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Commentary

What It Really Takes to Disable America's Main Battle Tank

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So, you think you can take on the United States? I mean, really take on the United States, not just engage in guerrilla warfare or terrorist attacks. I mean head-to-head, mano-a-mano, airoplano-a-airoplano, full-on conventional war.

If you think you can (and I’m mostly talking about Russia and China, which are certainly odd entities to use second-person pronouns with, but bear with me) you probably should take a look at just what happens when you try to attack our main battle tank — the M1A2 Abrams.

The Abrams was approved for production in 1990, according to Military.com, which was 28 years ago. One would think that would make the M1A2 a bit vulnerable with age, kind of like an aging Muhammad Ali getting battered by Larry Holmes.

Think again.



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The late author Tom Clancy was well known for chronicling all things military. In his 1994 non-fiction book, “Armored Cav,” Clancy described just how much it would take to disable the Abrams.

According to We Are the Mighty, Clancy told how, during the 1991 Gulf War, an older model Abrams — the M1A1 — got itself stuck in the mud during the ground war phase. A sitting duck, right? A group of Iraqi T-72s certainly thought so.

The first T-72 fired a round at the Abrams from “roughly a thousand yards away.” It only bounced off the Abrams’ armor.

In response, the Abrams took aim at the T-72 and blew it up.

Do you think the Abrams has been a good tank?

Ba’athist tank commanders were apparently slow learners; a second T-72 fired a round at the Abrams. It also bounced off the armor of the Abrams, and the Abrams also blew it to bits. The third T-72 managed to fire a round from a closer range — 400 yards — which left a groove in the armor of the Abrams.

In response, the Abrams fired a shell through a sand berm. In spite of traveling through the sand, it still blew up the T-72.

Let me here state that the T-72 wasn’t exactly a weakling, either. Designed by the old Soviet Union, it was a fairly modern tank during the Gulf War. And yet, three of them were blown away by an Abrams stuck in the mud.

When backup arrived, they found they couldn’t get the Abrams out. So, instead of letting it fall into enemy hands, they decided to destroy it themselves. Except they couldn’t. Even blowing up the ammo on board didn’t do the job.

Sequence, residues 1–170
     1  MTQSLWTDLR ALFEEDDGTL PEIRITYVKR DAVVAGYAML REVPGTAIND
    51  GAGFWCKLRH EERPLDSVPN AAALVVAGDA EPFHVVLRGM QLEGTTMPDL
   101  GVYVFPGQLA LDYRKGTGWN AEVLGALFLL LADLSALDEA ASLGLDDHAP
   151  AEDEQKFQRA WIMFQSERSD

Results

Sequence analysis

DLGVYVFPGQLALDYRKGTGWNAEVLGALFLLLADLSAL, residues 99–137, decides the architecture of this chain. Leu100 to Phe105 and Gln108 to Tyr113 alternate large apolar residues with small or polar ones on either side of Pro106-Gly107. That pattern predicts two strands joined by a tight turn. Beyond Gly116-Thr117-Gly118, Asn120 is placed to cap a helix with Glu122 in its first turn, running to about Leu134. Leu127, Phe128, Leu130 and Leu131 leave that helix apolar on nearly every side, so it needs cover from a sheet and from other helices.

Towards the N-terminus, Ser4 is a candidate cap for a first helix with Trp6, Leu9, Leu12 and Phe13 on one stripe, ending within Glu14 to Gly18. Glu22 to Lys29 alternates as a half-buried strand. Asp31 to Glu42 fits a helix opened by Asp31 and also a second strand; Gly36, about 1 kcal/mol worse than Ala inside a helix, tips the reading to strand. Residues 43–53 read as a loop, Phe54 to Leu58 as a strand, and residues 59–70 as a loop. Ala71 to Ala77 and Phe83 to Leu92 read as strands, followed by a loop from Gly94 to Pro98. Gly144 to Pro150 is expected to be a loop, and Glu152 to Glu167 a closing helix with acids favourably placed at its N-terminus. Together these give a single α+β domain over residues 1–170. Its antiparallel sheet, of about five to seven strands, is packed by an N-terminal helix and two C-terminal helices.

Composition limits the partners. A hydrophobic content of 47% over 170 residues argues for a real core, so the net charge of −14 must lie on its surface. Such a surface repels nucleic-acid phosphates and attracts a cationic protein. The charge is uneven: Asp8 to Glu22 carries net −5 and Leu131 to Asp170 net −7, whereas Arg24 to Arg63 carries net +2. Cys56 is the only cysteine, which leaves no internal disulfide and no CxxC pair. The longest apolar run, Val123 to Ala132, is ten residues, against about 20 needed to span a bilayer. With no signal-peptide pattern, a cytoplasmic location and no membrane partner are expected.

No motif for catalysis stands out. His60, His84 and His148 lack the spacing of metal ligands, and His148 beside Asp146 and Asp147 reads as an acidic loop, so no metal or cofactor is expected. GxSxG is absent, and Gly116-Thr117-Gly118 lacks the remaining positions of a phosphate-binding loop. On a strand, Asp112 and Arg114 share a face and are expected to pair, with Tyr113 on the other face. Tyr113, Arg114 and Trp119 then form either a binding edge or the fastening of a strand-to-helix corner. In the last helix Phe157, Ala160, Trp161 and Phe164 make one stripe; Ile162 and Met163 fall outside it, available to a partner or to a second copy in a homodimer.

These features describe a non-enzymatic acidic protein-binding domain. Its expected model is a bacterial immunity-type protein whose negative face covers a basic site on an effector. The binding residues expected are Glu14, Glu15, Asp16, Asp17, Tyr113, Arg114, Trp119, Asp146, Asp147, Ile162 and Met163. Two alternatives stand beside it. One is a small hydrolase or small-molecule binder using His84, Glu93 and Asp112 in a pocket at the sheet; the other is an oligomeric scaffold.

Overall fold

When the tank was finally retrieved, it was still operable. In fact, the only major problem was a misaligned sight.

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While there are plenty of things that could disable an Abrams (massive bombs, nuclear warfare, letting Ted Kennedy drive), most tank shells aren’t on that list. That’s how well armored they are. One person at the question-and-answer website Quora said that battleship shells would disable the Abrams. So there you have it — it would take a battleship. The Abrams won’t face many of them in a ground fight.

And just think: we’re already hard at work trying to get our next-generation tank into production. Talk about demoralizing for Russia and China.

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C. Douglas Golden is a writer who splits his time between the United States and Southeast Asia. Specializing in political commentary and world affairs, he's written for Conservative Tribune and The Western Journal since 2014.
C. Douglas Golden is a writer who splits his time between the United States and Southeast Asia. Specializing in political commentary and world affairs, he's written for Conservative Tribune and The Western Journal since 2014. Aside from politics, he enjoys spending time with his wife, literature (especially British comic novels and modern Japanese lit), indie rock, coffee, Formula One and football (of both American and world varieties).
Birthplace
Morristown, New Jersey
Education
Catholic University of America
Languages Spoken
English, Spanish
Topics of Expertise
American Politics, World Politics, Culture




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